In spite of the Great Depression, Sentinel was seeing a large amount of human activity it has ever seen with prospectors and entrepreneurs hoping to find a cash cow. A labour camp was established in the area and there was a 210-acre airfield cleared so planes could enter the valley. In 1930, regardless of the Power Plant, Alex Morency created the Crowsnest Lake Dance Hall and supplied boats to tourists to enjoy the Lake. Evidently his venture was a lot more popular than Mr. Regner’s recreational facilities. In 1935 he set up gas pumps and three log cabins near the base of Sentry Mountain to cash in on the tourist hub Sentinel was becoming (CPHS, 1979, pg. 241). Unfortunately the cabins were never completed, nor were the pumps used. Even a Swede, who went by the name of “Gus”, was stretched thin from his fly-by-night coal operation in the early 30’s, located at the base of Chinook Mountain. This mine was not very well known, and was informally called “Gus’s Mine”. Apparently the operation was dried out quite quickly, and a tipple that stood until 1951 proved the only trace of mining activity. Today there are no traces left of the operation (Kerr, 1979, 243). 
          During the early existence of the Sentinel Power Plant there were seven fine homes built for the married employees, and a three-storey staff building for single men and visiting executives. Up until 1946 equipment upgrades were frequent on the plant to keep the production unhindered. The same year, tragedy struck in the valley for seven passengers of a RCAF Dakota aircraft. The pilot accidently crashed into Andy Good Peak and crashed 4,000 feet into the valley below killing everyone on board. It took the dedication of three forestry officials, Harry Boulton, Bill Liddell, and Jim McGilligett, to find the burned remains of the men. After 10 days they recovered the bodies by using toboggans and snowshoes (CPHS, 1979, pg. 244).  You can visit the crash site by taking the York Creek Road south from Coleman and park at the bridge that crosses York Creek. Go across the bridge and follow the path that leads up the south bank of the reek and up the North York Creek drainage. After about 6.2km you should reach the decrepit wreckage.
          The 40’s also presented more attempts at making Sentinel a hub for tourism. A couple, Mr. and Mrs. Huffman, established the Glacier Cabins on the west side of Crowsnest Lake. These cabins still operate to this day under the moniker Kozy Knest Kabins. Jim Kerr, one of the original settlers, opened Chinook Motel in 1951 on Allison Creek, again trying to capitalize on the tourism demand they were desperately hoping to capture (CPHS, 1979, pg. 241). As is evident today, many of these businesses did not last because the demand for tourism in Sentinel just was not what it used to be. Eventually the Sentinel Power Plant was taken over by the Calgary Power Company, but even the power plant was closed down in 1969 and the holdings are now privately held. It seemed like after the power plant closed down that there would be no hope for development in the Pass. There was the Atlas Lumber Mill that operated in Sentinel until 2002, employing about 100 people to cut spruce, pine, and fir and produced 40 million feet of kiln-dried lumber per year (McDougall, 1996). The lumber plant was forced to close down due to broader political circumstances with the United States embargo on Canadian lumber.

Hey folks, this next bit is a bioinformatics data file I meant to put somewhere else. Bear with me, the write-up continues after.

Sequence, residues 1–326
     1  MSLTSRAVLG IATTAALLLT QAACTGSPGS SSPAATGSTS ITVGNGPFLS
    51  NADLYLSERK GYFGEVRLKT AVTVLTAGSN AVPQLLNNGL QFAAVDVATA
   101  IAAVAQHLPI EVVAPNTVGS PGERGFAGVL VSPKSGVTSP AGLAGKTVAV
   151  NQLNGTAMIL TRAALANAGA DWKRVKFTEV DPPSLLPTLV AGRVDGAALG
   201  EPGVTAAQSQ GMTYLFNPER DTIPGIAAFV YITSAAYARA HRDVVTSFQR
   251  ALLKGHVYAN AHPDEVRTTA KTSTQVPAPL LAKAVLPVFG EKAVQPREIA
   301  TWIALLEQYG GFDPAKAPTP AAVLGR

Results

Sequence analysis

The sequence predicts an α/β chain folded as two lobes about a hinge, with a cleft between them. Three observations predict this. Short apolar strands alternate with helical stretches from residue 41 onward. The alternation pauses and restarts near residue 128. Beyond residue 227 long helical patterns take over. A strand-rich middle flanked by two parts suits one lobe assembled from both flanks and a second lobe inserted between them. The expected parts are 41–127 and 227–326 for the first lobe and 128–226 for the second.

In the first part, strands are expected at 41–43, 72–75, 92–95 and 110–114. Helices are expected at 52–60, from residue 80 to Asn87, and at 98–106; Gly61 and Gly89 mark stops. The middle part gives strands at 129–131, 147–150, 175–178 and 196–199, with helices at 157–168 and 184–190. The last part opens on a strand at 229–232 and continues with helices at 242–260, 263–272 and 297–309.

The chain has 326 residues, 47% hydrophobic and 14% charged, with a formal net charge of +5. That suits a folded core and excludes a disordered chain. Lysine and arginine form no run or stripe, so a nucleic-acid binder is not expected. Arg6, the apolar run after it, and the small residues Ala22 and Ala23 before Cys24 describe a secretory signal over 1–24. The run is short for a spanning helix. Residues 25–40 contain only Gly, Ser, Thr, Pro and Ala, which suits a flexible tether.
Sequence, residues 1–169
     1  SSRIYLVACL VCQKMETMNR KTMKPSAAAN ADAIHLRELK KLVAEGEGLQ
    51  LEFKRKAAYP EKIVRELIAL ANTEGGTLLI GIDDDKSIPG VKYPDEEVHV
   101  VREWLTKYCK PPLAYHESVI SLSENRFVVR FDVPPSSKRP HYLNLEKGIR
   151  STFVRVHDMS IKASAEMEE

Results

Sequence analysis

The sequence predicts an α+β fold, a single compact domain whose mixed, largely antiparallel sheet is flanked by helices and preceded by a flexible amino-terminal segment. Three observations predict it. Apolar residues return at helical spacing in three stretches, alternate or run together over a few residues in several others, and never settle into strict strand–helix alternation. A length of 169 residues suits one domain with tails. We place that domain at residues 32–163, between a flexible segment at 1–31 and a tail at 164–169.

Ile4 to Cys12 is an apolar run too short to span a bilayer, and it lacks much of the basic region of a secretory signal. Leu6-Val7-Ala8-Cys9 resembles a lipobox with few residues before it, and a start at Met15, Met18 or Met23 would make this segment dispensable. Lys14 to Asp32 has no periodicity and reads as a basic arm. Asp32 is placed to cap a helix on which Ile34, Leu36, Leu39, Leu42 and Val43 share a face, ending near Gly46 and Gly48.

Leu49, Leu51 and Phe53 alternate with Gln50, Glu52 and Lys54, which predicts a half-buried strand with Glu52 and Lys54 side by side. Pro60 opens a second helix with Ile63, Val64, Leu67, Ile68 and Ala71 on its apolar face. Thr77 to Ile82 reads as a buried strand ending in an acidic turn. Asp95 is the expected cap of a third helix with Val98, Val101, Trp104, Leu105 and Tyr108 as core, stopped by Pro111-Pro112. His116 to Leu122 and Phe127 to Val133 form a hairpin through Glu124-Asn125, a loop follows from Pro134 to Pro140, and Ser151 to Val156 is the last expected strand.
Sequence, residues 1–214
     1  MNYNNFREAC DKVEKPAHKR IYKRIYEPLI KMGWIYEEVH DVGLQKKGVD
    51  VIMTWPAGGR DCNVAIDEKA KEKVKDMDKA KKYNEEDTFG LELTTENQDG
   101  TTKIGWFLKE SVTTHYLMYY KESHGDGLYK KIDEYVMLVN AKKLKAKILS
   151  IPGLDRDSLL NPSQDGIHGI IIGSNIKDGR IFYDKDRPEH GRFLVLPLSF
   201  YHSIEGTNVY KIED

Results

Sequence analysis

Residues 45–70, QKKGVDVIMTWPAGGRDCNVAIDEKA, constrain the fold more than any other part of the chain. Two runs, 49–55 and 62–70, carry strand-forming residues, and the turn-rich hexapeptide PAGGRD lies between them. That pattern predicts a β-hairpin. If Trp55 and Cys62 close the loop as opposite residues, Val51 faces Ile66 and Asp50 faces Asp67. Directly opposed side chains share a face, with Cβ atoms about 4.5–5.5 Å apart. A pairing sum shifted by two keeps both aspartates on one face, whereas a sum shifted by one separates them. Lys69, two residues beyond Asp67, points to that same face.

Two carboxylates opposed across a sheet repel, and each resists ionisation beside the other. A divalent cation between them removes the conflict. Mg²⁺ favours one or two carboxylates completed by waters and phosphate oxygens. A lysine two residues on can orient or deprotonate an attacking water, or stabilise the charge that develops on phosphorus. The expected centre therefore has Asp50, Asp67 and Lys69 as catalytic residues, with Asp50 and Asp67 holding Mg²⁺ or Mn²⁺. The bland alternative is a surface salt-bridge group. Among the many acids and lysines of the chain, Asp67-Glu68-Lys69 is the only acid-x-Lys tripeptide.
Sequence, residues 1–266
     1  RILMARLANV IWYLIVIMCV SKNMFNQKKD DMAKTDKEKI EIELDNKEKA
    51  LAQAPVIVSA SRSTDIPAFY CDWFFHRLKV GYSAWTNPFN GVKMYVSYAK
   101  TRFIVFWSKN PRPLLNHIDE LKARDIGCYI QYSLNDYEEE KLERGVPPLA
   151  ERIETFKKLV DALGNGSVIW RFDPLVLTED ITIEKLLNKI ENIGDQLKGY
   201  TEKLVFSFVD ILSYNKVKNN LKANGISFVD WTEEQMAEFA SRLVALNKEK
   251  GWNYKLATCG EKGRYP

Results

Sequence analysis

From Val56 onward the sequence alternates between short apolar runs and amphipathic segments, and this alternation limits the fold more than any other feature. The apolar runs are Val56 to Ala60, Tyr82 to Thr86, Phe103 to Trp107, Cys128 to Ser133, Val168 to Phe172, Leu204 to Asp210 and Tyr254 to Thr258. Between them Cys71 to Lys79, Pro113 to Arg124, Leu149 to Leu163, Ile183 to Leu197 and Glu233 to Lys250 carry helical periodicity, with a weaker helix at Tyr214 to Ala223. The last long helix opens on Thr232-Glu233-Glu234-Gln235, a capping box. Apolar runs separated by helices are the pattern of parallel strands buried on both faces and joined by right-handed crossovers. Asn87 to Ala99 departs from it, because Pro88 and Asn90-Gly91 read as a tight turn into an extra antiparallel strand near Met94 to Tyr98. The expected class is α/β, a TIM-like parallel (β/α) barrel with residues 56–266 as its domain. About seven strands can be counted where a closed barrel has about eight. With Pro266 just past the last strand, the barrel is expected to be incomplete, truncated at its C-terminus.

Even though Sentinel never really disappeared and still has a presence as an industrial area of the Crowsnest, the area never really achieved economic growth. This town does fit in my definition of a ghost town because of its initial growth and decline period, but ever since the 1920’s the locality has maintained a state of mediocrity and steadiness.
  1. Junkyard Car
    Junkyard Car
    Photo by Jason Ferris
  2. Sentinel Train Station
    Sentinel Train Station
    Photo by Jason Ferris
  3. Sentinel
    Photo by Jason Ferris
  4. Industrial Park
    Industrial Park
    Photo by Jason Ferris
Crowsnest Pass Historical Society (CPHS). "Sentinel", “Railway Construction
Town 1896-1898”, “East Kootenay Power Plant”, “Aeroplane Tragedies at Sentinel”. Crowsnest and Its People. Coleman, Alta.: Crowsnest Pass Historical Society, 1979. Print. Pg. 241-246.
Kerr, James R. “Gus’ Mine.”  Crowsnest and Its People. Coleman, Alta.: Crowsnest
Pass Historical Society, 1979. Print. Pg. 243.
McDougall, S. “Assessment of Log Yard Runoff in Alberta: Preliminary
Evaluation.” Alberta Environment, June 1996. Print.
Wilson, D.M. "Train Hold-up at Sentinel” Crowsnest Highway. 2 Feb. 2002. Web.
25 Aug. 2015.     
Photos taken by:
Deadwood Imaging (Jason Ferris)